What happens when you don’t have sex: mental health
Some people equate having a sex life with their self-worth. Although this is not the case, they may feel more anxious and depressed if they go a long period of time without having sex. It’s important to remember that your value does not come from having sex with other people.
Aside from that, the effects on your mental health caused by abstaining from sex can include:
Stress and anxiety level
Having sex releases endorphins and the hormone oxytocin into the body. These neurochemicals can help manage the effects of anxiety or stress. Oxytocin has the additional benefit of helping you sleep. If you do not have sex regularly, your body may release these hormones less often, which might make it more difficult to cope with stress.
Surprisingly, going a long time without having sex can make you lose interest in sex altogether. The more you have sex, the more you want to have sex. Regular sex boosts your libido.
For many couples, regular sexual intercourse is an important way to maintain their bond. Regular sex also often leads to better communication. Generally, couples who have sex more often feel more emotionally attached and connected in comparison with those who do it less often.
What happens when you don’t have sex for a long time? For some people, their relationship with their partner becomes more stressful and they stop feeling connected. Other couples aren’t interested in sex or they don’t find it to be an important way of connecting, preferring conversation or shared activities instead.
The benefits of not having sex for a long time
Many people choose to not have sex for a variety of reasons. Some people don’t enjoy it or aren’t interested. Others find it to be a distraction from the things they really care about. Although having sex can have positive effects on your health, not having sex has benefits too. Some of the positive side effects of not having sex for a long time include:You don’t have to worry about getting pregnant: Although there are many very highly effective methods of birth control available today, the only 100% absolute, most certain way to not get pregnant is to not have sex.You’re less likely to get a urinary tract infection: Naturally, not having sex is going to drastically reduce your chances of getting a sexually transmitted infection, but abstaining from sex also makes it less likely that you’ll get a urinary tract infection.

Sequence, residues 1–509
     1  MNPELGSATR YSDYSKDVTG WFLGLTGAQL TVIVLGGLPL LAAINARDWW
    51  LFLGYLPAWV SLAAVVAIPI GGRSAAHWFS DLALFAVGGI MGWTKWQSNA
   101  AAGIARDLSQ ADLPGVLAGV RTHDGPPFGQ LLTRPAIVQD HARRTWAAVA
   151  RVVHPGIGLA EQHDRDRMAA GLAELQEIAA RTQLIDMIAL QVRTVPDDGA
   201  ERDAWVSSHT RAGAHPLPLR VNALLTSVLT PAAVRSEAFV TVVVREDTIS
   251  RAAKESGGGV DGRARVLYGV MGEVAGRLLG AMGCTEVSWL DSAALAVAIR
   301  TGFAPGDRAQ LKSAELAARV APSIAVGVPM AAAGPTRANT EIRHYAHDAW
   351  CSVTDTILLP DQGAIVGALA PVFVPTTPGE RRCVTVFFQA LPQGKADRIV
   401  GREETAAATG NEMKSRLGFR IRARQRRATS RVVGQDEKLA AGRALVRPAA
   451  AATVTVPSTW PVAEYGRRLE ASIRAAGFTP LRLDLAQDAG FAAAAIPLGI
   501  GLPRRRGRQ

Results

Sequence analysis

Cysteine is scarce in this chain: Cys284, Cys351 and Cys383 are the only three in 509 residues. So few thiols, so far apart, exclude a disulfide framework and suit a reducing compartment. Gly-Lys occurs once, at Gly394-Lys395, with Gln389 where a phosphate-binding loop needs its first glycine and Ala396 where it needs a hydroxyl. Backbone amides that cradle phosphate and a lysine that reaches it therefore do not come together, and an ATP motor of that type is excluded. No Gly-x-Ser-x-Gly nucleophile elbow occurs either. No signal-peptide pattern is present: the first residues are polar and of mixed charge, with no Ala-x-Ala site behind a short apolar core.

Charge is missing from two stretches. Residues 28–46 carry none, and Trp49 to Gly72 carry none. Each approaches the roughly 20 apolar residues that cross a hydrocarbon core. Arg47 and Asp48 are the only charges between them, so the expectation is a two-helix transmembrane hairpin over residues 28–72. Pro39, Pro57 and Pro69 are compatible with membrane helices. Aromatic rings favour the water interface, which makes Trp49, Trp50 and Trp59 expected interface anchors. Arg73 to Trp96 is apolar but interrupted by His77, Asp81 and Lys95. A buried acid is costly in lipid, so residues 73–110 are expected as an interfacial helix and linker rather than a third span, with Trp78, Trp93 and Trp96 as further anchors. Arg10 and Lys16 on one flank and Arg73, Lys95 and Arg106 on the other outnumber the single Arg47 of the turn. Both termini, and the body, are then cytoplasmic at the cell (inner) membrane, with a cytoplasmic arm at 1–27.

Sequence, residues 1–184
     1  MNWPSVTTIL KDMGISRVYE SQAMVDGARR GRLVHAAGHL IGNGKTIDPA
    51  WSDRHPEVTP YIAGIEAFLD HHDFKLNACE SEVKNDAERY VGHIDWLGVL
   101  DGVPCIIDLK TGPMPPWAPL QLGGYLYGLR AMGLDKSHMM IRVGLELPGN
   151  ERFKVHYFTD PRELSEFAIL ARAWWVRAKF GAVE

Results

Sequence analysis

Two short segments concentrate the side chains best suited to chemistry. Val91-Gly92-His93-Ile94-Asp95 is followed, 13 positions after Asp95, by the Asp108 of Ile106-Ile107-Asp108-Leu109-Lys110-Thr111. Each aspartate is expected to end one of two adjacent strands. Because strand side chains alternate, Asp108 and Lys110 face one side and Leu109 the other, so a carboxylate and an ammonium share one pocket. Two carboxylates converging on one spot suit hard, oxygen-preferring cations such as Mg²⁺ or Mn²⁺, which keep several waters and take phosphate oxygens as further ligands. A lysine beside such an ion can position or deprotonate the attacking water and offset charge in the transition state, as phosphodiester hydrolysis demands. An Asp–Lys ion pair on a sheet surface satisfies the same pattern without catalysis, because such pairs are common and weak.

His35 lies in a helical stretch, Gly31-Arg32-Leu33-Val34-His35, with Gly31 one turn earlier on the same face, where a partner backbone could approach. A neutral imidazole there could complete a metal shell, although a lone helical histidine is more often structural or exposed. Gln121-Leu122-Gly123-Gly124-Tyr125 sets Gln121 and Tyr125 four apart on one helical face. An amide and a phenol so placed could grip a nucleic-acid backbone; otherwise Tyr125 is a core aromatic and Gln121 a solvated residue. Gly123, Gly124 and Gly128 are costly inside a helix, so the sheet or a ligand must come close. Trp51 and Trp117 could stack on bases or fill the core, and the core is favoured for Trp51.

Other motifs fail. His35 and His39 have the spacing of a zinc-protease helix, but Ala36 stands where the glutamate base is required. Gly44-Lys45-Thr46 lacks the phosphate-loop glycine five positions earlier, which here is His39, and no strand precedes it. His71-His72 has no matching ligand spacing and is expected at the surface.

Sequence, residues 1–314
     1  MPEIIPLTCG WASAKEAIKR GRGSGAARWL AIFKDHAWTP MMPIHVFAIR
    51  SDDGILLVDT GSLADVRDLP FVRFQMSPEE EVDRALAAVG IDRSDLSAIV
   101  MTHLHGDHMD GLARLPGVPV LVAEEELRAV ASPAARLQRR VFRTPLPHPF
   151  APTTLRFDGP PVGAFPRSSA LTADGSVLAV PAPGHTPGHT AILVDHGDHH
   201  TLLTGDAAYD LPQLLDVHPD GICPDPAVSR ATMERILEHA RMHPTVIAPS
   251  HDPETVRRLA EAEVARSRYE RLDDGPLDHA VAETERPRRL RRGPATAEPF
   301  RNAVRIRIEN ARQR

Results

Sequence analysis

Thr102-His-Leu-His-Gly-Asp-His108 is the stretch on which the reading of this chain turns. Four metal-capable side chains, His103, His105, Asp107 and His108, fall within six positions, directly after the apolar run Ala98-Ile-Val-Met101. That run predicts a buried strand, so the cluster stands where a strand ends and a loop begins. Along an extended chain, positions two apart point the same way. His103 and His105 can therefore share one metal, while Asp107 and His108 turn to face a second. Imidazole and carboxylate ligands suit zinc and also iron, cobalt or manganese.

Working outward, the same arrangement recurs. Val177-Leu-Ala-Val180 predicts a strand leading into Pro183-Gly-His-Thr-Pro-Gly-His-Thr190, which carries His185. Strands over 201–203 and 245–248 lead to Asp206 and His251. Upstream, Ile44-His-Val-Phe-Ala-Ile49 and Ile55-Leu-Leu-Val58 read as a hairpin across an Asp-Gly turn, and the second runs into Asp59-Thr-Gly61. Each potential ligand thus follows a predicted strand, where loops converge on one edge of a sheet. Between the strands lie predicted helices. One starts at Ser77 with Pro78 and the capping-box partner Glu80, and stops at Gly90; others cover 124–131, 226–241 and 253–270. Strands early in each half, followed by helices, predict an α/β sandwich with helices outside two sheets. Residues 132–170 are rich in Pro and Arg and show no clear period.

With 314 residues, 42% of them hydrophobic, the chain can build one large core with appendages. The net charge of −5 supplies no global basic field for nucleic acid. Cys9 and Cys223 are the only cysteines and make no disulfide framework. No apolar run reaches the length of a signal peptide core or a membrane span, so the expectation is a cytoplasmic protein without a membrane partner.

When You Don't Have Sex for a Long Time, What Happens to Your Body?
Months without wanted physical touch can have adverse health impacts like increased anxiety, depression, and trouble sleeping.
What happens to your body when you don't have sex for a long time, according to experts
Canela López Jun 23, 2020, 7:41 PM
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The pandemic has made it difficult for many people to safely have sex with those who don't live in their homes, and the lack of intimacy can have unexpected consequences.
Experts told Insider months without wanted physical touch can have adverse health impacts like increased anxiety, depression, and trouble sleeping.
Lack of physical intimacy can also lead to touch starvation, which can contribute to loneliness, isolation, and even compromise your immune system.
Sex can also be an important way to find a sense of community for people in marginalized groups like LGBTQ folks, polyamorous people, and kink communities.
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For people who do not live with a partner, lockdown has, in theory, meant three months of celibacy.
Going so long without sex or intimate touch can be more than just frustrating.